12. My partner is a professional baroque violin player. She mainly plays a Yitamusic t-20 baroque violin that we bought more or less for fun 12 years ago or so. After getting it professionally set up, we were astonished that it turned out to outperform most other baroque violins in much higher price classes, including the old transitional german she was playing at the time. Last month, it performed a brandenburg concerto in the Elbphilharmonie and sounded every bit as good as good as the Testore copy by Hargrave, that her colleague was playing. She has another one, which is not equally good, but decent nonetheless. It is strung so that it can be used at a=466, which it does well.
  13. Now thats a radical approach! Lets recreate the cattle from baroque times in order to make the right gut strings! Otherwise it just ain't what Vivaldi heard.
  14. There is little that can argumented against setting this one (or almost any violin) up as a baroque violin if it needs thoroughly repairing anyway. But I am rather irritated by colleagues playing on sub-par instruments, acting as if baroque instruments have to sound less loud and more tinny, and then complaining that my cello, which is a good newly made baroque cello, is too powerful for their instruments, so there is that. Regarding your violin with a through neck, I doubt this is its original state. The neck has obviously been repaired at some point, as can be seen from many aspects of its current condition. If you are lucky, the white glue could be fish glue, which can deteriorate to a whitish brittle something. If that is the case, it should be perfectly removable with water. I doubt the overstand is original. If you look again at the picture of the top block, I think one can see that there is a gap between the top and the top end of the top block. I think something happened in the past, and someone took out the neck, took a couple of plane strokes off the root of the neck block (even a through neck has a "block"), possibly the root was not flat enough to facilitate a proper glueing, after which the neck was glued (and possibly screwed) back. For stability, a little shim should have been added to between the block and the top, but it looks as if that isn't the case. The overstand was now too low, and this was fixed with a wedged fingerboard. You've got quite some stuff to do to get this up to playing standards.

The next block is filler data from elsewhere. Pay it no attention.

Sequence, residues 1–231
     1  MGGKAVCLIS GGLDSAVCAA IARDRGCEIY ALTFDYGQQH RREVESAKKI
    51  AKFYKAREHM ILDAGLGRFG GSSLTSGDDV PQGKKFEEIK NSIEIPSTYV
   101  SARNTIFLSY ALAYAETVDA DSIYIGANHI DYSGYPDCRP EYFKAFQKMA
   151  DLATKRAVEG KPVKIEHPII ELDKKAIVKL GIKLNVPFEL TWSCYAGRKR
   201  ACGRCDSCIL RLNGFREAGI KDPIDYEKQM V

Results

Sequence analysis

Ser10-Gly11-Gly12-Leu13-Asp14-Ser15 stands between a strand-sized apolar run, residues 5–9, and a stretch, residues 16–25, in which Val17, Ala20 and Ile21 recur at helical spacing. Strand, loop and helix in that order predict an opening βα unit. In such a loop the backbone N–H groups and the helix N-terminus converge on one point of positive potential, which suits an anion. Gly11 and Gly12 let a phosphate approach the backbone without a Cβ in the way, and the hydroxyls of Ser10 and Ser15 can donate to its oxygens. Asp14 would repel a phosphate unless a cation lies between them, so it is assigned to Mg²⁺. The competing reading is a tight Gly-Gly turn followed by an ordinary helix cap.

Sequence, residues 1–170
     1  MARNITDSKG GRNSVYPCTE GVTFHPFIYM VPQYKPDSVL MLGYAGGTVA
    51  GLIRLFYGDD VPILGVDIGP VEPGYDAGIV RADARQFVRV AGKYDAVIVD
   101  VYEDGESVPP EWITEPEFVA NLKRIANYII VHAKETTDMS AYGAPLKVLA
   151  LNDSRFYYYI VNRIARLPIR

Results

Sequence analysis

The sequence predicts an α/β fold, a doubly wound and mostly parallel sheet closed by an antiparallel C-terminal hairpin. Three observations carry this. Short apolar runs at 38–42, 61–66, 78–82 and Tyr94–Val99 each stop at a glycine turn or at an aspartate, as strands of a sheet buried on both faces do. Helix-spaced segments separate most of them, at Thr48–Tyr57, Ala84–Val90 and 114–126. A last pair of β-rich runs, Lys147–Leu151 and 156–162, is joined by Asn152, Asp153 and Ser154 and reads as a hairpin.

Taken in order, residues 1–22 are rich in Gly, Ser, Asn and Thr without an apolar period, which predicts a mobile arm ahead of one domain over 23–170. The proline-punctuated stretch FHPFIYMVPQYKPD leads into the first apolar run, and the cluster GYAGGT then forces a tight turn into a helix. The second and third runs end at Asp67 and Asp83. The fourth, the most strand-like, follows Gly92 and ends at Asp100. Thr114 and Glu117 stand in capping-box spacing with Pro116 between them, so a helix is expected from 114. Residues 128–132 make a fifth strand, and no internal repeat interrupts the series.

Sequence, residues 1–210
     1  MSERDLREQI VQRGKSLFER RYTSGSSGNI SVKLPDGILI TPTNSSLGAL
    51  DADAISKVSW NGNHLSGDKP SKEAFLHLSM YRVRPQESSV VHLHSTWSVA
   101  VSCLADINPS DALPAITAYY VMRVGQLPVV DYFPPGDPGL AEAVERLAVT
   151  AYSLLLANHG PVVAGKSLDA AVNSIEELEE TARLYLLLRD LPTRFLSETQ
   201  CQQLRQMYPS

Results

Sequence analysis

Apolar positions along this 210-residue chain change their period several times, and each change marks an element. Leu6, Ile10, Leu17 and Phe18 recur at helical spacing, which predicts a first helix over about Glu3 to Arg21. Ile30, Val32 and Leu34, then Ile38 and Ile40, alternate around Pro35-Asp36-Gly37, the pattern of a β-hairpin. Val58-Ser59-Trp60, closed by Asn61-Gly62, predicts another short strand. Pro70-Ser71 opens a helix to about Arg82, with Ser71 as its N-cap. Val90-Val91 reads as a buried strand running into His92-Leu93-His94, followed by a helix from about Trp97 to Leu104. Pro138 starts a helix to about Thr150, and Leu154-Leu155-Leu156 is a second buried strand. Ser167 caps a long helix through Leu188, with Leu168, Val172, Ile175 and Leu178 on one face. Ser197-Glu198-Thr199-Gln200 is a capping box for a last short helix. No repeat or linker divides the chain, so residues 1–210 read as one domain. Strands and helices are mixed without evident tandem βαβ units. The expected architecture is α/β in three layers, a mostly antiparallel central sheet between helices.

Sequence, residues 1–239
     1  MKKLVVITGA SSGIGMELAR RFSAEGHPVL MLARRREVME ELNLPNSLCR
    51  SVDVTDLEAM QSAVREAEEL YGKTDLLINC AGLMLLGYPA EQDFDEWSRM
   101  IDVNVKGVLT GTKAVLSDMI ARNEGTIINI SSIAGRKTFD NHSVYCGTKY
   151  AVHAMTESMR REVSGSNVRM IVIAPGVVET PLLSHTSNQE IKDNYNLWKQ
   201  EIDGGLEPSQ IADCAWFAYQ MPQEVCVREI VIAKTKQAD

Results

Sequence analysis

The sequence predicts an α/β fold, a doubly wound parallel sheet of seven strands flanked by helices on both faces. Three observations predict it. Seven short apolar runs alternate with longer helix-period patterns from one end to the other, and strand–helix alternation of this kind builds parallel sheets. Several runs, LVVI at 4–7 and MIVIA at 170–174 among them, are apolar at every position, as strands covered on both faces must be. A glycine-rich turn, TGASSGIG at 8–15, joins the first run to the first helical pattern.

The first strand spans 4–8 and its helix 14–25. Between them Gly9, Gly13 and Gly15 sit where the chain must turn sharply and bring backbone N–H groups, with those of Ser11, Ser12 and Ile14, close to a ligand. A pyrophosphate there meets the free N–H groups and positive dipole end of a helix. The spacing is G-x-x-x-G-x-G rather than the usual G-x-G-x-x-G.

15. Thank you all for this wealth of information! Apparently, there are many ways of doing it more efficiently than I did. Now, which way to choose....
  16. Thank you all for your responses! Yes, I just checked and my coarse 1000 stone is already hollowed out! This is not good. I was hoping I could forego the purchase of a Tormek by using some elbow grease. It is an expensive machine, but this amount of elbow grease is too much, and now I'm seriously considering. I saw a Tormek t-4 for 350,- Euros, which is cheaper than I thought it would be. I've tried sand paper on a glass plate, but have only clamped the paper and was not satisfied with the result. @Shunyata do you glue the paper to the glass? If so, what do you use? And yes, I had the feeling going from 1000 to 8000 with nothing in between is a bit fast. It is very much work to get a shiny finish with an 8000 after the 1000.